IDEAS home Printed from
   My bibliography  Save this paper

Some Recent Changes in Economic Growth, Cycles and Volatility


  • Ataman Ozyildirim

    (The Conference Board)

  • Victor Zarnowitz

    (The Conference Board)


Countries and periods that benefit from higher economic growth trends are likely to enjoy additional gains from more moderate business cycles; with less frequent and/or milder recessions. Correspondingly, where and when growth gets to be disappointingly low, business cycles are likely to get less moderate, with recessions becoming more frequent and/or more severe. This association may have its source in changes in either the longer growth trends or intermediate cyclical movements. This paper illustrates this broad relationship with two examples from the recent economic history of Japan and the United States. The Japanese case is a dramatic shift from high growth and cyclical stability to stagnation and a succession of booms and busts. The U.S. case, while more moderate, shows similar trend/cycle interactions. The last part of the paper sums up the necessary qualifications and conclusions. It addresses the changes over time in how people perceive the cycle-to-trend (and vice versa) connections, and how the economy reacts to the shocks and imbalances that may cause cyclical fluctuations.

Suggested Citation

  • Ataman Ozyildirim & Victor Zarnowitz, 2009. "Some Recent Changes in Economic Growth, Cycles and Volatility," Economics Program Working Papers 09-01, The Conference Board, Economics Program.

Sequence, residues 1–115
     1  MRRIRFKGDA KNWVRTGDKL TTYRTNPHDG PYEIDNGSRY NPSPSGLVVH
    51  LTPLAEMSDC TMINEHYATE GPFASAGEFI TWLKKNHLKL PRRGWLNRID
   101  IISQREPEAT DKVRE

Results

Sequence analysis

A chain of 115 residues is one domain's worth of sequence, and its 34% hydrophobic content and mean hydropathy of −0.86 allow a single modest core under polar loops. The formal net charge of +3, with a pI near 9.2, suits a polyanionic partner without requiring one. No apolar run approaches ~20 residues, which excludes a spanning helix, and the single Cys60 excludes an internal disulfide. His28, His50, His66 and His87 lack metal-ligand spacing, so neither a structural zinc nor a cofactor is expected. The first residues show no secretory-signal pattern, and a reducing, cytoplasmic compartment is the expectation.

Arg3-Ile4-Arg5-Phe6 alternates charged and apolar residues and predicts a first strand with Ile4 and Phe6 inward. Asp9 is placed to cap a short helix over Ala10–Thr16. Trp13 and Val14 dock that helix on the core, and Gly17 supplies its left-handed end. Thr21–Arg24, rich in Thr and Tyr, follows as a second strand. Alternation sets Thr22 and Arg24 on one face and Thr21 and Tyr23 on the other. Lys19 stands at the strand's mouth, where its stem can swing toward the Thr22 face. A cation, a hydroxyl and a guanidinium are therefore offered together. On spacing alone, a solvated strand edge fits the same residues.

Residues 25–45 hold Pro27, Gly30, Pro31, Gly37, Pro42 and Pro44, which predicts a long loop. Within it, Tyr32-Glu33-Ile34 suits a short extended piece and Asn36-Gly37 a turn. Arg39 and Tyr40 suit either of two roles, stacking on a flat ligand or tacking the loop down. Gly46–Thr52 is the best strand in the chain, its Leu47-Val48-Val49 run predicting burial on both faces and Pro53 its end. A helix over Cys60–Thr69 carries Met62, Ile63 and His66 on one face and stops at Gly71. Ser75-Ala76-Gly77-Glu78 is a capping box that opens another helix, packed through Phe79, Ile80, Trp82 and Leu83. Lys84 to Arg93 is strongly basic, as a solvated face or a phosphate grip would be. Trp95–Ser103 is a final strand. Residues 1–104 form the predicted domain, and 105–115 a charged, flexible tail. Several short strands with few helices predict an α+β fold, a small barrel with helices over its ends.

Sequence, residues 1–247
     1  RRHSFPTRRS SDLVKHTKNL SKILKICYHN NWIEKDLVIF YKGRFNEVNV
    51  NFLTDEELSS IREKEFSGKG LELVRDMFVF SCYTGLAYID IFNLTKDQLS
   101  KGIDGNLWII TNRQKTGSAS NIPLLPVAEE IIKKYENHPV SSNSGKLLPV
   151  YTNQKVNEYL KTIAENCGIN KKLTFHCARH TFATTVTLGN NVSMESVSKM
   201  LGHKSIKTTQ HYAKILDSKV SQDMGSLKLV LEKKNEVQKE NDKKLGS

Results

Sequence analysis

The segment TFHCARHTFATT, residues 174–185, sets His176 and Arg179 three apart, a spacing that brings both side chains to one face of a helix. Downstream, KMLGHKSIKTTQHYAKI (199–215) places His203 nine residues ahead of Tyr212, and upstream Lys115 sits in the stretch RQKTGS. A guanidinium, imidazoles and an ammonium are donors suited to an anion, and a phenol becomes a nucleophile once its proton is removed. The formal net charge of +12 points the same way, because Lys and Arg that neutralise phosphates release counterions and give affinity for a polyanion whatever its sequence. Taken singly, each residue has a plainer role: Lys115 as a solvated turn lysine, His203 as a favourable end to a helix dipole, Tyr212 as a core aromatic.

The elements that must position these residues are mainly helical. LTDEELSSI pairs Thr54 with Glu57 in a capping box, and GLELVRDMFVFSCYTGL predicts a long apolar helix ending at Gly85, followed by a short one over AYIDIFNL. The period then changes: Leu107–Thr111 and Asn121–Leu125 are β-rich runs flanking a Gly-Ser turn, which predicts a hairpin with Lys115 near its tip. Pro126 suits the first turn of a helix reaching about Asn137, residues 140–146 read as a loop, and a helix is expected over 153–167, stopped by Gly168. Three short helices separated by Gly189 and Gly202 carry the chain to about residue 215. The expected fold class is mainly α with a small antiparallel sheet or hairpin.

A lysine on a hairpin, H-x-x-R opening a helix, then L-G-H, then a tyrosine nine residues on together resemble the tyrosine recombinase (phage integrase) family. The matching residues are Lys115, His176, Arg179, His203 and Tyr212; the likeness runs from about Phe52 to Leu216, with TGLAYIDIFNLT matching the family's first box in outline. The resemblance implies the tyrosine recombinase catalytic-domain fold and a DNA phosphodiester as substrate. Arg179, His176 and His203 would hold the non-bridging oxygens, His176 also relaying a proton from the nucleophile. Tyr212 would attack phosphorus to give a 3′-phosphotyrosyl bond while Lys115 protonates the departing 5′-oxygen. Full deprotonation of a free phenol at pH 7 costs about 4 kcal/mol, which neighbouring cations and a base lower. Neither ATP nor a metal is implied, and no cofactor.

• Handle: RePEc:cnf:wpaper:0901

    Download full text from publisher

    File URL:
    File Function: First version, 2009
    Download Restriction: no

    More about this item


    Access and download statistics


    All material on this site has been provided by the respective publishers and authors. You can help correct errors and omissions. When requesting a correction, please mention this item's handle: RePEc:cnf:wpaper:0901. See general information about how to correct material in RePEc.

    For technical questions regarding this item, or to correct its authors, title, abstract, bibliographic or download information, contact: (A Ozyildirim). General contact details of provider: .

    If you have authored this item and are not yet registered with RePEc, we encourage you to do it here. This allows to link your profile to this item. It also allows you to accept potential citations to this item that we are uncertain about.

    We have no references for this item. You can help adding them by using this form .

    If you know of missing items citing this one, you can help us creating those links by adding the relevant references in the same way as above, for each refering item. If you are a registered author of this item, you may also want to check the "citations" tab in your RePEc Author Service profile, as there may be some citations waiting for confirmation.

    Please note that corrections may take a couple of weeks to filter through the various RePEc services.

    IDEAS is a RePEc service hosted by the Research Division of the Federal Reserve Bank of St. Louis . RePEc uses bibliographic data supplied by the respective publishers.